“Harry? Harry? You do not have time to tango, buddy. You copy?”
Dir. James Cameron
Runtime: 141 minutes
Starring: Arnold Schwarzenegger, Jamie Lee Curtis, Tom Arnold, Art Malik, Tia Carrere
When this was released in 1994, I remember this film having stiff competition at the box office; “Forrest Gump”, “The Lion King”, “Dumb and Dumber”, “Clear and Present Danger”, “Speed”, “The Mask”, “Pulp Fiction”, “Ace Ventura: Pet Detective”, “Interview with a Vampire”, “Mary Shelley’s Frankenstein” – there was a massive amount of Blockbuster films that year – and yes, I am old enough to remember it. In addition to cinema releases, the video rental market was still big business and independent films were massive in 1994 too. For “True Lies” to be the 3rd highest grossing film of the year speaks of how successful it was when audiences could have been distracted by other massive films or the temptation to stay at home and watch a video rental.
So, as I haven’t watched it for at least a year, I decided to re-watch “True Lies” so I can get a blog written about it.
Harry Tasker (Arnie), and his wife Helen (Jamie Lee Curtis) live in the suburbs with their daughter Dana (Eliza Dushka). Harry is a computer salesman, something that Helen thinks is dull, but at least she has a reliable husband. On a daily basis he goes off to work with his colleague Albert Gibson (Tom Arnold) while she does the same and secretly dreams of more excitement in her life. One day that excitement comes into her life courtesy of Simon (Bill Paxton), somebody claiming to be a spy. Harry finds evidence suggesting his wife is having an affair and does some investigating, which is simple enough for him to do because he’s a secret government agent working on a task force that is trailing stolen nuclear weapons. During a sting that Harry arranges to catch his wife and the ‘spy’, terrorists who Harry had been tracking, manages to catch Harry and his wife. Everything is flipped on it’s head as Helen learns the truth about Harry being a spy for 17 years, who he has been dancing the tango with (Tia Carrere), and how many bad guys he’s killed. The terrorists they are imprisoned by are Led by Salim Abu Aziz (Art Malik) the terrorist plan to use the weapons they have acquired send a message to the Western World by attacking Florida.
… or… here’s a summary in 180 characters or less…
A secret agents home world spills into his professional world when he tries to uncover if his wife is having an affair.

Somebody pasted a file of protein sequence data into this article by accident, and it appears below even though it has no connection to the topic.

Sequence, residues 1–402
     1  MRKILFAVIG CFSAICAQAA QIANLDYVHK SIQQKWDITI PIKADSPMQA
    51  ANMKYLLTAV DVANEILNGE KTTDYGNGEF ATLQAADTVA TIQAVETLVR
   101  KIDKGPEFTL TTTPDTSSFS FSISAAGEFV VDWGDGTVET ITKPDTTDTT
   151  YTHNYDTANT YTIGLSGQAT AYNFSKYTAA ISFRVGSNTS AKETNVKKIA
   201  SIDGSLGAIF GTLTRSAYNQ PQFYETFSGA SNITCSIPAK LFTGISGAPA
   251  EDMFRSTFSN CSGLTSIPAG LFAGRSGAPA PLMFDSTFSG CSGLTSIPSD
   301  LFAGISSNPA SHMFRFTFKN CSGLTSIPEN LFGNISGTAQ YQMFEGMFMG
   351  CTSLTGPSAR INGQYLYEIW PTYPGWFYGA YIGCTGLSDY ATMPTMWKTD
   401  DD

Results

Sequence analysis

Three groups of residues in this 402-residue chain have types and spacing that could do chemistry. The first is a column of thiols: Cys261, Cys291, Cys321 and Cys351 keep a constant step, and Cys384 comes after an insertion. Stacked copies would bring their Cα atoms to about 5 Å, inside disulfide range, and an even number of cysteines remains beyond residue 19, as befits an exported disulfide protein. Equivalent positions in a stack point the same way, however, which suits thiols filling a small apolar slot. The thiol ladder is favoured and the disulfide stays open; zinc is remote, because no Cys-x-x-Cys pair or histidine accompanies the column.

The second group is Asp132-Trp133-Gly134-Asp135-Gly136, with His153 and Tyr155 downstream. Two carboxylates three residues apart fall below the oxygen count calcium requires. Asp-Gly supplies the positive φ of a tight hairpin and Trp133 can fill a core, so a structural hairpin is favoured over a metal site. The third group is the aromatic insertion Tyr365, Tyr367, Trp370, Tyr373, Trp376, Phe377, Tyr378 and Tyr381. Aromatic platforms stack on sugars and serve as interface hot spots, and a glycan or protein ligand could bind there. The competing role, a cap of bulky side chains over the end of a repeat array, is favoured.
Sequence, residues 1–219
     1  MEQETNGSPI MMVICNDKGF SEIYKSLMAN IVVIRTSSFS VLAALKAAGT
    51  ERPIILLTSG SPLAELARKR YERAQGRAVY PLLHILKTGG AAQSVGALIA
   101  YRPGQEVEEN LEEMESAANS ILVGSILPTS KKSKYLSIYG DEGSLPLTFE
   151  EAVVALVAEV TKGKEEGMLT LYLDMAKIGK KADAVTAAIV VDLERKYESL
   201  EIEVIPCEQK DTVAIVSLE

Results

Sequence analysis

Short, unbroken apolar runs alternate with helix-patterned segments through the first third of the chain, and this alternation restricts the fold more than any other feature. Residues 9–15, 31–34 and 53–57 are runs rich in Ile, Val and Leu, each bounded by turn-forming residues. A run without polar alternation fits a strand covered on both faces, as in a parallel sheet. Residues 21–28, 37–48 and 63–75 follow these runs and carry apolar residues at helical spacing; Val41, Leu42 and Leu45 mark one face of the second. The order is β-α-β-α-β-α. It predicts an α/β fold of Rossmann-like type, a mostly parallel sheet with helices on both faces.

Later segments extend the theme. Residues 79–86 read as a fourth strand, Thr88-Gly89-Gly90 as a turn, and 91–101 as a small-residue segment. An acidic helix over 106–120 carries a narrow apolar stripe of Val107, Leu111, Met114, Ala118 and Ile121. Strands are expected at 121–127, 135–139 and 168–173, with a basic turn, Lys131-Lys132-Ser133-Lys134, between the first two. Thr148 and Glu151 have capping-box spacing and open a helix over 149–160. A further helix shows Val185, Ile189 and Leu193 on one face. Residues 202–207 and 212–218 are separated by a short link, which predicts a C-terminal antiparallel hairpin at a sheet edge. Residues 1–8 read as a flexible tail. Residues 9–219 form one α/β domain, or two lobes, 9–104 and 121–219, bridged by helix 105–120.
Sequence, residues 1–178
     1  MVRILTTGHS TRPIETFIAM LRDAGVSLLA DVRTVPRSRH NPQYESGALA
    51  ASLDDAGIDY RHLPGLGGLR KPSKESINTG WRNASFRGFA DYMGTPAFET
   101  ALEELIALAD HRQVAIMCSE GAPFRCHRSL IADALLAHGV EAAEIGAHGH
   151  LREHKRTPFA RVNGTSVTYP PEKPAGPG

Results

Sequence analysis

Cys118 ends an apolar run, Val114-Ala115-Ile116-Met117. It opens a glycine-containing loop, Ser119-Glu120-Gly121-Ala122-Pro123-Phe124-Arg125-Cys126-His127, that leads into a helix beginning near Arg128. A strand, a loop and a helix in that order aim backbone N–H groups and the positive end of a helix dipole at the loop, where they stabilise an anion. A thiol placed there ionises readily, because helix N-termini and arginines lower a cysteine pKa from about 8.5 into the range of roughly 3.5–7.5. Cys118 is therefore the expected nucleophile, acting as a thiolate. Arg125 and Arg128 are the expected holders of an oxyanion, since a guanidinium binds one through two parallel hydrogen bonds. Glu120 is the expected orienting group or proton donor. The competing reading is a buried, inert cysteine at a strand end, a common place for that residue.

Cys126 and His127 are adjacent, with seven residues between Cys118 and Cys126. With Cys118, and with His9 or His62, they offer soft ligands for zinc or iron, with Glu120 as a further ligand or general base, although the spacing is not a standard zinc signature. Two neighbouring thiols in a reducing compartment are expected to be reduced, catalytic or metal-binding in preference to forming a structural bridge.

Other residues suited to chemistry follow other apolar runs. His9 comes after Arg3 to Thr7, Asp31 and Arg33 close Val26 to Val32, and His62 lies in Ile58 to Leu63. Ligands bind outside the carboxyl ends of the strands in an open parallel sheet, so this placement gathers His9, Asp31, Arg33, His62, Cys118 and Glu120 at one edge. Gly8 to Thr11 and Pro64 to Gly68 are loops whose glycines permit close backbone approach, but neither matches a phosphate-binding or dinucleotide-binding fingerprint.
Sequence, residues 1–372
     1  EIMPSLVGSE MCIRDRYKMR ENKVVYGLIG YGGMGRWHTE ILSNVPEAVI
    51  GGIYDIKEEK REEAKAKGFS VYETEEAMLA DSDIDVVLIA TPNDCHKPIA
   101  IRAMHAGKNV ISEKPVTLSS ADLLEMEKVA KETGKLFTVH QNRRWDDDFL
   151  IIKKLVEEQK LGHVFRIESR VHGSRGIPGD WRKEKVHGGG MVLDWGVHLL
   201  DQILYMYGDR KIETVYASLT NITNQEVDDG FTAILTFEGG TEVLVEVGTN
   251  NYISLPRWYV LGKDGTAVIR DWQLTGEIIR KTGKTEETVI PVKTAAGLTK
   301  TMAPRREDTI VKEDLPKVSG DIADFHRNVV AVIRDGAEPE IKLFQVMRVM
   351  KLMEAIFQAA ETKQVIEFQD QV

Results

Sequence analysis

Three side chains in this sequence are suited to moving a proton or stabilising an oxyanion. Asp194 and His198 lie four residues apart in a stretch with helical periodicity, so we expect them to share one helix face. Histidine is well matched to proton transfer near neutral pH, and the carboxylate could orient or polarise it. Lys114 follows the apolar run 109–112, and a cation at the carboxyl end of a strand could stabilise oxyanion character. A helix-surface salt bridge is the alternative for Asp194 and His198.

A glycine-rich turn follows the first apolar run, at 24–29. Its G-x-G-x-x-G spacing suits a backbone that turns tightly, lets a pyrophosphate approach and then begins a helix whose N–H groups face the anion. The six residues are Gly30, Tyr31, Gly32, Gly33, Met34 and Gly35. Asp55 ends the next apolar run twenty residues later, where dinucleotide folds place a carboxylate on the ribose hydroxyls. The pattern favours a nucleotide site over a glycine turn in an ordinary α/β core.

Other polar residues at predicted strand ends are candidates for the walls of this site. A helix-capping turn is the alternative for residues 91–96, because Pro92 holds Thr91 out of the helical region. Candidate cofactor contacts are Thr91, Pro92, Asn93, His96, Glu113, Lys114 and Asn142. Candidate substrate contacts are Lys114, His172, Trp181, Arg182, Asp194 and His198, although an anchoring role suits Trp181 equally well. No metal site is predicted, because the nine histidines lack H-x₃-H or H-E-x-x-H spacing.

In 1994 the conveyor belt of Arnie/Action films brought audiences “True Lies”. It is more subtle than some of the dark action films Arnie starred in during the 1980’s, and it seems that his attempt to transition into more family orientated action films was a success after starting the move with films like “Twins” (1988), “Kindergarten Cop” (1990), and “Last Action Hero” (1993). Prior to this film Arnie had worked with the director James Cameron before, unless you lived under a rock you should know that that was with “The Terminator” and “Terminator 2: Judgment Day”.
This film though is not an original concept, it is based on a French film from 1991 called “La totale!” which was directed by Claude Zidi and featured Thierry Lhermitte as the Harry character (called François Voisin in that), and Miou-Miou as the Helen character (called Hélène Voisin in that). The story is pretty much the same, the central character is a secret agent, his wife is fooled by a car salesman, and there is a terrorist plot too. Normally Hollywood sees something it can remake and then ends up ruining it. In the case of “True Lies” and “La totale!” that does not feel like the case for a change – feel free to argue with me about that!
While Arnie is the headliner in this film it is Jamie Lee Curtis that steals the show in my opinion. The Austrian is his usual self; more comfortable looking in the action scenes than the family scenes, taking down the bad guys, and dishing out the occasional quip. He gets some lovely scenes to act in, like the tango he performs with Tia Carrere – which was apparently more difficult to rehearse than the action scenes. There is the horse chase sequence which ends up in the shopping mall too. And of course, there are lots of punch-ups and guns being shot.